Starting a Farm Business? Consider Integrated Fish Farming

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In this article, I offer (as I have done in previous writings) I offer more ideas for possible consideration by farm business owners, towards ensuring successful startup and long term success of their farm entreprises.

Personally, I use the phrase “Farm Business” to refer to a mix of mainly Fish Farming enterprises integrated with other livestock enterprises (such as piggery, poultry, rabbitry etc) AND complementary crop farming, earthworm rearing, daphnia culturing, feed formulation/compounding etc.

Integrated Fish Farming Helps Protect YOU Against Risks & Uncertainties

I have carefully studied trends out here (which remains VERY unregulated and disorganised) and have come to ONE conclusion: One needs to be reasonably self-sufficient in one’s farm business needs – especially as it relates to timely acquisition of essential, and critical inputs which if allowed to vary in quality or availability could cause major setbacks in the farm’s operations.

Critical inputs I refer to include brood stock, fingerlings, feedstuffs etc – the supply/quality of which may not be reliably assured as unscrupulous suppliers may let the business owner down at any time!

It is my opinion that this approach that involves running a farm business based on a mix of high profit/low capital and operating cost livestock and other enterprises, ensures that ALL the farm’s resources – including labour – are maximally utilised ALL year round.

This is in contrast to the situation that occurs with exclusive crop and other seasonal farming enterprises which have to be timed to coincide with the various seasons.

So, if you are planning to start a farm business of your own, and want to look forward to – and obtain – REAL long term financial returns, I suggest you choose to make your farm run based on a livestock production enterprise – fish farming (especially catfish) being ONE that offers fairly reliable/reasonable returns with relatively lower capital requirements – integrated with other complementary enterprises.

Given the difficult, risky and uncertain nature of our socio-economic environment, Integrated Micro-Small Scale Fish farming is the easiest, cheapest, AND least risky to learn and start-up PLUS it offers – with good management – potentially the MOST rewarding financial returns.

That is why I chose to focus on it over poultry for instance, which is relatively MORE capital intensive and operationally demanding. Over time of course ANY person (who has recorded progressive success in micro/small scale fish farming) can “graduate” to more capital intensive levels.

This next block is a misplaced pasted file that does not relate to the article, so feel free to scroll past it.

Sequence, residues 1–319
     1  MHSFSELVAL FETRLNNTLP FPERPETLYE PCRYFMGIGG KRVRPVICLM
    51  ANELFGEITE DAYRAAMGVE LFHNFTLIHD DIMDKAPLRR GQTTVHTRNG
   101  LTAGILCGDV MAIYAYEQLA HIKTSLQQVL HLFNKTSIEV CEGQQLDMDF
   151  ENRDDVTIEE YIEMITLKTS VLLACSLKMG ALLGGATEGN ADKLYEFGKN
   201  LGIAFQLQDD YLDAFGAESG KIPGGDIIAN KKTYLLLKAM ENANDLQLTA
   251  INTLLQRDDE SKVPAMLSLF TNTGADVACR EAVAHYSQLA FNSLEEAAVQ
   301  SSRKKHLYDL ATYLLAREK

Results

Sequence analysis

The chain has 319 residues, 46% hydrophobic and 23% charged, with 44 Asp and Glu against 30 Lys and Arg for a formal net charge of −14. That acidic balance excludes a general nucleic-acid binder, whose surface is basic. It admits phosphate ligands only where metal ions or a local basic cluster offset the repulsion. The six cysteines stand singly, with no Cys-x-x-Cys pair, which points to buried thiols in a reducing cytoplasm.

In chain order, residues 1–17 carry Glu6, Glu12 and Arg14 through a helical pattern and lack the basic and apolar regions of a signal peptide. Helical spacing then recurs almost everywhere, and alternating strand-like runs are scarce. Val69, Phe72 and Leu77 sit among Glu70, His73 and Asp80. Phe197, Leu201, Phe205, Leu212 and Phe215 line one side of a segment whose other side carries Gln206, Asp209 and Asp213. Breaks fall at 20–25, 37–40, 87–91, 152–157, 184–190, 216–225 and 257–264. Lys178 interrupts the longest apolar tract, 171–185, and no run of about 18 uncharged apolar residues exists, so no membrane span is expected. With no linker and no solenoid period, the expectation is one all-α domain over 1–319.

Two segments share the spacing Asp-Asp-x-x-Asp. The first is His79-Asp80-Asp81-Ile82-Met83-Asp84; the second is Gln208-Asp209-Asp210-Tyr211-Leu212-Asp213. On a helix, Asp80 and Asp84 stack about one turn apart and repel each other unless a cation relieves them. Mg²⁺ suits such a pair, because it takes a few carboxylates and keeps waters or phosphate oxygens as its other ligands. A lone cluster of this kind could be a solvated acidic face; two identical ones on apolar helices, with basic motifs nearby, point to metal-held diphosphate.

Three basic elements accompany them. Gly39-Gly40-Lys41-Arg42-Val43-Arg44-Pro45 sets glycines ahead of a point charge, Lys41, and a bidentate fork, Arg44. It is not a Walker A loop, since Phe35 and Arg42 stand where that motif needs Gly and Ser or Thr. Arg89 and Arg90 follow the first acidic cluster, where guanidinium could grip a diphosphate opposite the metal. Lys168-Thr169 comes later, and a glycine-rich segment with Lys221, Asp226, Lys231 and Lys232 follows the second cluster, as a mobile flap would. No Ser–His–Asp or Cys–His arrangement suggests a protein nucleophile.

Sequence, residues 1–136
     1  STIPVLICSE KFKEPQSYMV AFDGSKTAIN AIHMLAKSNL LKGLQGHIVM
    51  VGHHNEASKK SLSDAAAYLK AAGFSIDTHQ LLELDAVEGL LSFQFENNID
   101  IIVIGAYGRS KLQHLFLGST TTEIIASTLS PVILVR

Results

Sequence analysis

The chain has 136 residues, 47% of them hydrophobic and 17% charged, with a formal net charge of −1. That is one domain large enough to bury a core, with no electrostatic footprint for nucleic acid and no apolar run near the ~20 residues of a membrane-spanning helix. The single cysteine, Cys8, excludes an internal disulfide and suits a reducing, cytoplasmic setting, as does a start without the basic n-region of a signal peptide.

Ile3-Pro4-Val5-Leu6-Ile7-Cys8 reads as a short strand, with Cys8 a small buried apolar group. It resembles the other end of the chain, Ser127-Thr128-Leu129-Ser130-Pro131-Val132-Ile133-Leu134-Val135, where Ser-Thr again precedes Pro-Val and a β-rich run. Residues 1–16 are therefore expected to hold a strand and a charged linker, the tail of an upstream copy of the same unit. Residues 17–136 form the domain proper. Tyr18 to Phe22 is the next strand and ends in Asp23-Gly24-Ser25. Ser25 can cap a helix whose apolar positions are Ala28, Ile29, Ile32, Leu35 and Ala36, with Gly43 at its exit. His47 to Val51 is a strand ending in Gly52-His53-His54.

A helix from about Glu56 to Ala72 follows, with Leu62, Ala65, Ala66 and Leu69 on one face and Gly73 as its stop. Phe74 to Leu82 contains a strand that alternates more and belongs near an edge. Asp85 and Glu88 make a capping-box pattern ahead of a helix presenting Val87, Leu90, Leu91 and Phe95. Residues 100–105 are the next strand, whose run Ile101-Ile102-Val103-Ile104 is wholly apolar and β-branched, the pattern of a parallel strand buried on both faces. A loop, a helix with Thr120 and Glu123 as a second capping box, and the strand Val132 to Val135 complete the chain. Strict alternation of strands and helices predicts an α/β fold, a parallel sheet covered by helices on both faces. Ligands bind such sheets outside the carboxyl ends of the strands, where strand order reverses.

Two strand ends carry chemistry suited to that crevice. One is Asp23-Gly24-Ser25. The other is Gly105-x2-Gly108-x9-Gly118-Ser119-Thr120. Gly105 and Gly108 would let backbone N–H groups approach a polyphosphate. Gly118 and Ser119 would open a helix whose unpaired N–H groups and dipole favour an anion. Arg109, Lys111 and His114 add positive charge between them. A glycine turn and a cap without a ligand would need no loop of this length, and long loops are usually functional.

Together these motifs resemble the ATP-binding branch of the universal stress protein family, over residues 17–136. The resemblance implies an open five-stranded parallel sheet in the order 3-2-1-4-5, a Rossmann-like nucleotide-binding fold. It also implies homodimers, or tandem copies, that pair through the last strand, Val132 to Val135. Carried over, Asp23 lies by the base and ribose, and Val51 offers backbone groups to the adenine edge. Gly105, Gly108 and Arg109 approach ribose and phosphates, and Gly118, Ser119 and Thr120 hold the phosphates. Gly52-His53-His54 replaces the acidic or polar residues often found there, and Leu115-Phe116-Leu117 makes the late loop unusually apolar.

So, to sum it all up, I believe EXCLUSIVE fish farming for individuals and small groups operating on micro to small scale is a bit too risky and prone to negative impact of the unpredictable economic climate out here in Nigeria. Elsewhere this may not be that much of an issue of course (That’s up to the farm business start-up/owner to decide).

For instance today petrol price is no longer 65 naira per litre. Instead it has jumped up ten “NAIRA” steps to 75 naira per litre – courtesy of a government increase. This – like other unplanned and therefore unexpected government policy changes before it – WILL have a multiplier effect on so many operating variables/inputs used on many farms. By having a complementary mix of enterprises, the fish farmer cushions his farm business against direct impact that could in its worst manifestations, “KILL” it – literally speaking.

Final Words: Make Sure You Seek Competent Counselling

All that I have said here is of course my personal opinion. Please REMEMBER that you DO NOT have to accept my ideas – and I strongly suggest you seek the counsel of competent professionals in making up your mind.

Note however that in taking advice from ANYONE (myself included) you will need to check and make certain that s/he has a FULL appreciation of the dynamics that come to play in the running of the farm business enterprise(s) being considered, in YOUR chosen environment. What I offer you here is derived from extensive experience-based evaluation of the challenges faced by owners of the farm businesses mentioned.

If you need help making up your mind about what farm business to venture into, I suggest you read my article titled “14 Key Questions-Issues to Consider in Order to Choose (& Startup) The Right Farm Business”.

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